Some have more dollars than sense, they say, so even companies that have no revenue, no profit, and a record of falling short, can easily find investors. And in their study titled Who Falls Prey to the Wolf of Wall Street?' Leuz et. al. found that it is 'quite common' for investors to lose money by buying into 'pump and dump' schemes.
In contrast to all that, I prefer to spend time on companies like Merck (NYSE:MRK), which has not only revenues, but also profits. Now, I'm not saying that the stock is necessarily undervalued today; but I can't shake an appreciation for the profitability of the business itself. Conversely, a loss-making company is yet to prove itself with profit, and eventually the sweet milk of external capital may run sour.
Merck's Improving Profits
Over the last three years, Merck has grown earnings per share (EPS) like young bamboo after rain; fast, and from a low base. So I don't think the percent growth rate is particularly meaningful. Thus, it makes sense to focus on more recent growth rates, instead. Like a wedge-tailed eagle on the wind, Merck's EPS soared from US$3.61 to US$4.55, in just one year. That's a impressive gain of 26%.
I like to take a look at earnings before interest and (EBIT) tax margins, as well as revenue growth, to get another take on the quality of the company's growth. While we note Merck's EBIT margins were flat over the last year, revenue grew by a solid 3.0% to US$47b. That's a real positive.
You can take a look at the company's revenue and earnings growth trend, in the chart below. To see the actual numbers, click on the chart.
Of course the knack is to find stocks that have their best days in the future, not in the past. You could base your opinion on past performance, of course, but you may also want to check this interactive graph of professional analyst EPS forecasts for Merck.
Are Merck Insiders Aligned With All Shareholders?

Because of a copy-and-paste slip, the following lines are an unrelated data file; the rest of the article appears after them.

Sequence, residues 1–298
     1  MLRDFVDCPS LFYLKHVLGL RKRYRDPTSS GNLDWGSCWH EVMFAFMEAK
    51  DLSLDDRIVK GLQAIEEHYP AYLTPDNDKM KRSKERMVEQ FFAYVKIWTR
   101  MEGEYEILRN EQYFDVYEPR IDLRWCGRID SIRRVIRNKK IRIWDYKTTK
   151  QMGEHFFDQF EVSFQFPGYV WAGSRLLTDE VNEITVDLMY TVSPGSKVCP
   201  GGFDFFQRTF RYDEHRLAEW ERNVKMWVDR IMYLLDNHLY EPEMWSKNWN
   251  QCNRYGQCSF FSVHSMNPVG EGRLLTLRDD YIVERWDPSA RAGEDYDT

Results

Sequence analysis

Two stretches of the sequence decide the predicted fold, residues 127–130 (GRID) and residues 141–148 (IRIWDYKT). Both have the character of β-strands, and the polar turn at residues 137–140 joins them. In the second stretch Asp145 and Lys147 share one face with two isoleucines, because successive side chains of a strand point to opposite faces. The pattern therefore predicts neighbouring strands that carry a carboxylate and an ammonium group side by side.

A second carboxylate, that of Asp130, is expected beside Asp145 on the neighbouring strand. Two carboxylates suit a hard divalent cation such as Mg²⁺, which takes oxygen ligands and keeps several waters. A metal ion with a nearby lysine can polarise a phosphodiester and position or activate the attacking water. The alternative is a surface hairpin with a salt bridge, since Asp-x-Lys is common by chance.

Since Merck has a market capitalization of US$203b, we wouldn't expect insiders to hold a large percentage of shares. But we do take comfort from the fact that they are investors in the company. With a whopping US$97m worth of shares as a group, insiders have plenty riding on the company's success. This should keep them focused on creating long term value for shareholders.
Should You Add Merck To Your Watchlist?
For growth investors like me, Merck's raw rate of earnings growth is a beacon in the night. Further, the high level of insider ownership impresses me, and suggests that I'm not the only one who appreciates the EPS growth. Fast growth and confident insiders should be enough to warrant further research. So the answer is that I do think this is a good stock to follow along with. Don't forget that there may still be risks. For instance, we've identified 2 warning signs for Merck that you should be aware of.
Of course, you can do well (sometimes) buying stocks that are not growing earnings and do not have insiders buying shares. But as a growth investor I always like to check out companies that do have those features. You can access a free list of them here.
Please note the insider transactions discussed in this article refer to reportable transactions in the relevant jurisdiction.
This article by Simply Wall St is general in nature. It does not constitute a recommendation to buy or sell any stock, and does not take account of your objectives, or your financial situation. We aim to bring you long-term focused analysis driven by fundamental data. Note that our analysis may not factor in the latest price-sensitive company announcements or qualitative material. Simply Wall St has no position in any stocks mentioned.
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